Let’s be clear about this to begin with. The MVP award, which stands for most valuable player, isn’t always awarded based on its title. Typically your team has to be playing well. The award will often go to the best player on the best team. This makes things complicated when a guy like Shohei Ohtani gets involved. Based on his contributions, he is the most valuable player in baseball. The guy can pitch and hit. He’s coming off a year in which he won MVP, and you could make the argument that to this point he’s having an even better season. The problem is the Angels suck.
The Yankees on the other hand, have had a sensational year. Right fielder Aaron Judge is leading the way for the team. Judge is hitting .284 to go with 33 HR and 70 RBI. Judge is a serious threat to get to 60 home runs this year.
The Yankees dominance, along with Judge’s stellar play is why he’s our Midseason AL MVP. Aside from Judge and Ohtani, Rafael Devers and Yordan Alvarez have also had great years. If you’re looking for a sleeper Alvarez’ AL MVP futures odds are +1300. Keep an eye on him in the second half of the season.
The NL MVP race is a little bit less stacked. Paul Goldschmidt has always been an elite player, but this year he’s really exploded. The first baseman is hitting .330 to go with 20 bombs and 70 RBI. His team is also a half game back for first place in the NL Central. Over in Los Angeles, Freddie Freeman has done his thing this season. He’s led the league in hits to this point and also has 46 extra base hits.
Pete Alonso has guided the Mets offense to first place in the NL East. The right handed slugger leads the league in RBI, with 78. We’re giving this award to Goldshmidt because of his contact/power balance. Freeman wasn’t hitting the ball out of the yard at an MVP rate, and Alonso’s batting average is .265. This race will be interesting going forward because it is far from locked up.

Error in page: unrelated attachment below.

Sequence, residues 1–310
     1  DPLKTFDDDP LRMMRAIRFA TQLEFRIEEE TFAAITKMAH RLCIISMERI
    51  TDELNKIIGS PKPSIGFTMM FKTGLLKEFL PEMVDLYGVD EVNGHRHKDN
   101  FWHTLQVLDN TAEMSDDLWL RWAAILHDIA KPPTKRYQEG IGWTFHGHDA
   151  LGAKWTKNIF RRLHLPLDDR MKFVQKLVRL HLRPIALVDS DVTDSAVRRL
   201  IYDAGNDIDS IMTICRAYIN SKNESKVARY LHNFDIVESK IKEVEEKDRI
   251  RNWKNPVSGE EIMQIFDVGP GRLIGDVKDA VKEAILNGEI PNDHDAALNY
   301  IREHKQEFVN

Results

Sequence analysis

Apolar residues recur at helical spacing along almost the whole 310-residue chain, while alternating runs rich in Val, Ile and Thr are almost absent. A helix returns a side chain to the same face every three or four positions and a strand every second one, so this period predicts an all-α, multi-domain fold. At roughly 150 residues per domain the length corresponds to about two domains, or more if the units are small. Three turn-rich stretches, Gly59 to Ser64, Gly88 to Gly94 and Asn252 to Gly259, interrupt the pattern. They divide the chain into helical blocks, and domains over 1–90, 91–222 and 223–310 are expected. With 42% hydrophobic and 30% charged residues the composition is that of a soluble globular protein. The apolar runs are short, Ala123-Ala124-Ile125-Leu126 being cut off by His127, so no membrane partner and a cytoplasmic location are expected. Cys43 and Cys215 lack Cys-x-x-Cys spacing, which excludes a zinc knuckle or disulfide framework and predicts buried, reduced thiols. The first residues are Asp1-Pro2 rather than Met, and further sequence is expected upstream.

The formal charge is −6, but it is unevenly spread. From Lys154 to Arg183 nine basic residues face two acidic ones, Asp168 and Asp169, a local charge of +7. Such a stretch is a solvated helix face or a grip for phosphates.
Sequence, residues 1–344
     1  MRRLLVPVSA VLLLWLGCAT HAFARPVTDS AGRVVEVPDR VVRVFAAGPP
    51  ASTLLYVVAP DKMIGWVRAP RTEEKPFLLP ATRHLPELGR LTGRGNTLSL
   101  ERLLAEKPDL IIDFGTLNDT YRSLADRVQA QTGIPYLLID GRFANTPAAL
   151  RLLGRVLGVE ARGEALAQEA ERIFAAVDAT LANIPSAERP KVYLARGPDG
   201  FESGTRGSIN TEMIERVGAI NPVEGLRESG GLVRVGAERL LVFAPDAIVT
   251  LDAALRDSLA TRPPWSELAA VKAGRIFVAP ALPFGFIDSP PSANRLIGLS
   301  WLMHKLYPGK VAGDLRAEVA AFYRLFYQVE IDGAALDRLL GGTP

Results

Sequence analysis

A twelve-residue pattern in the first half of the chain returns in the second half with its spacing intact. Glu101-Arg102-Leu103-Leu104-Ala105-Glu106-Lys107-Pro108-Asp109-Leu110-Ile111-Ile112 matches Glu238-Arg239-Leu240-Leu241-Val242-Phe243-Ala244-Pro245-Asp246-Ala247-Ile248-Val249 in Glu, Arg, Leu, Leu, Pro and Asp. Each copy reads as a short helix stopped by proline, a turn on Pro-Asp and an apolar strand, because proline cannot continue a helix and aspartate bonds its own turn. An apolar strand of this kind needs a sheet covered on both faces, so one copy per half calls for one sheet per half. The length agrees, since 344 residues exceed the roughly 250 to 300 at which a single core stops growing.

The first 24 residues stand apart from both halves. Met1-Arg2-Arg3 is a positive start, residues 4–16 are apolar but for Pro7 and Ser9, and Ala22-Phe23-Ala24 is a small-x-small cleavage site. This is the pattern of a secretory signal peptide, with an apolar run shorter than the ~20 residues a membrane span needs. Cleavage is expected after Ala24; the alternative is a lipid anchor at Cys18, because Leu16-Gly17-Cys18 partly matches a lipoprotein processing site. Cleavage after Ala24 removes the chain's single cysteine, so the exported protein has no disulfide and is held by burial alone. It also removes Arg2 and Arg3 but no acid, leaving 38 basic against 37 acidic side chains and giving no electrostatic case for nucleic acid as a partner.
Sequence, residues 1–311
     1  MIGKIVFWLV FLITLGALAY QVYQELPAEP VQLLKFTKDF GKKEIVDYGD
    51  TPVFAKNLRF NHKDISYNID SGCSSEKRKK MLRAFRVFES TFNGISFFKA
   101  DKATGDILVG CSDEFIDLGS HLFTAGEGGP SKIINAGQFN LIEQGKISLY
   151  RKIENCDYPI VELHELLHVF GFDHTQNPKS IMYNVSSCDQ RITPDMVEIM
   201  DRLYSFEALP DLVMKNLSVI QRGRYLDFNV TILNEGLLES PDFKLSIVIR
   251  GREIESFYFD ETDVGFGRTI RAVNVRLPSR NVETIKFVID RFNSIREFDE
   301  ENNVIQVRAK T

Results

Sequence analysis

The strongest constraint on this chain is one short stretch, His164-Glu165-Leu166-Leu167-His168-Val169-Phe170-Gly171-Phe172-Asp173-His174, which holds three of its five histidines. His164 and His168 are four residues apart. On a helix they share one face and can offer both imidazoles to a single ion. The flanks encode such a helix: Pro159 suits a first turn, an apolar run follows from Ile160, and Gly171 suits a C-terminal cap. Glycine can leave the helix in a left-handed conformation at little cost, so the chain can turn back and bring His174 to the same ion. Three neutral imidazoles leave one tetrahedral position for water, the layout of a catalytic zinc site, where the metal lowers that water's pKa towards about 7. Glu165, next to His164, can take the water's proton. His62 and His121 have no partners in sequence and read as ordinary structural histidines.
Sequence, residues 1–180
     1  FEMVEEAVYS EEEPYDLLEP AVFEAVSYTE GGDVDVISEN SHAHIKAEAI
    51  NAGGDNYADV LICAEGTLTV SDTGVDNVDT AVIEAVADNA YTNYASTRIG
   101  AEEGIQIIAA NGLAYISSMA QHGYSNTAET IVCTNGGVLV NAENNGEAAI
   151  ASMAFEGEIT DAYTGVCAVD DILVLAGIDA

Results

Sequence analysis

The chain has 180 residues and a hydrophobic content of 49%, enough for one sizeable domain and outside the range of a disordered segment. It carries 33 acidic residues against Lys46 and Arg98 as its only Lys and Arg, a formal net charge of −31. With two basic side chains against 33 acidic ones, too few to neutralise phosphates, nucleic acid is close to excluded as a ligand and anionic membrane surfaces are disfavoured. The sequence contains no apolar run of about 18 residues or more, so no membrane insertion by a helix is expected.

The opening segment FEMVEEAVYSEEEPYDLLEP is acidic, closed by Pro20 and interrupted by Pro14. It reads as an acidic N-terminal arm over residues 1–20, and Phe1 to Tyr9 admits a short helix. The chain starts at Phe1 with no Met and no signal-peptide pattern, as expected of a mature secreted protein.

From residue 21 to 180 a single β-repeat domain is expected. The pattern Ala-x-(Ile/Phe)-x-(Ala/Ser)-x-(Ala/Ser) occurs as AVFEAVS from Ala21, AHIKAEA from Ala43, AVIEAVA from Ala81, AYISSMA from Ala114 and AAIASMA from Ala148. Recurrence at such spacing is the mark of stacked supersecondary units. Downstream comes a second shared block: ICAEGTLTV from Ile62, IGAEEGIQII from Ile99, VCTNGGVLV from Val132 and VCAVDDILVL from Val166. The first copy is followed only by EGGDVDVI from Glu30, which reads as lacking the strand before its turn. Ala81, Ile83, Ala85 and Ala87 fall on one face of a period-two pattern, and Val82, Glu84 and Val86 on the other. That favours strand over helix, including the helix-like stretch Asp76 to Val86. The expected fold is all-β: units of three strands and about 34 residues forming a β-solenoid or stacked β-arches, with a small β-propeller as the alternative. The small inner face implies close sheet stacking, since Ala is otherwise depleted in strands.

AL Cy Young
Justin Verlander has been one of the biggest surprises of this baseball season. Coming into the season, the 39 year old had only pitched in one game since the 2019 season. After undergoing Tommy John Surgery, many thought Verlander’s days were numbered. Instead he has returned as one of the best pitchers in the game. He’s gone 12-3, with a 1.89 ERA. If there was a comeback player of the year award in baseball, Verlander would have that wrapped up.
Additionally, the Houston Astros are leading their division comfortably. Looks like Verlander is going to be getting another crack at his first world series ring. Shane McClanahan is also putting together a great year. McClanahan’s got a 10-3 record, with a 1.71 ERA. He also started for the AL in the all star game. It’s going to be a tight race between these two guys down the stretch, but right now Verlander has the edge. Also keep an eye out for Alek Manoah and Shohei Ohtani as we get into the second half of the season.
NL Cy Young
The first half NL Cy Young was Tony Gonsolin. Prior to this year the righty had never appeared in more than 15 games in a season. Heading into the All star break Gonsolin is 11-0 with a 2.02 ERA. His 0.84 WHIP has been the best in baseball. Wins and losses have lost some value, due to the advanced analytics explosion in baseball. This said, we’ve got to give a lot of credit to the guy for putting up a donut in the loss column to this point. Marlins righty Sandy Alcantara is another guy that’s in this race. Alcantara has been less fortunate then Gonsolin in regards to the team he’s on, which makes his 9-4 record with a league leading 1.76 ERA even more impressive. Max Fried and Clayton Kershaw are other guys that could gain traction in this race in the latter half of the year.
AL Rookie of the Year
Bobby Witt Jr.
Right now, this is the biggest runaway award. The first half AL Rookie of the Year was Julio Rodriguez by a mile, and I’d be shocked if it goes any other way when the award is handed out after the season. You could place an AL Rookie of the Year futures bet on Rodriguez for -370. The Dominican born product had a tough first month of the year, but has exploded in the Mariners lineup ever since. Rodriguez, who began the season on the Mariners active roster, is hitting .275 with 16 home runs. Rodriguez is also third in the league in steals, with 21 of them.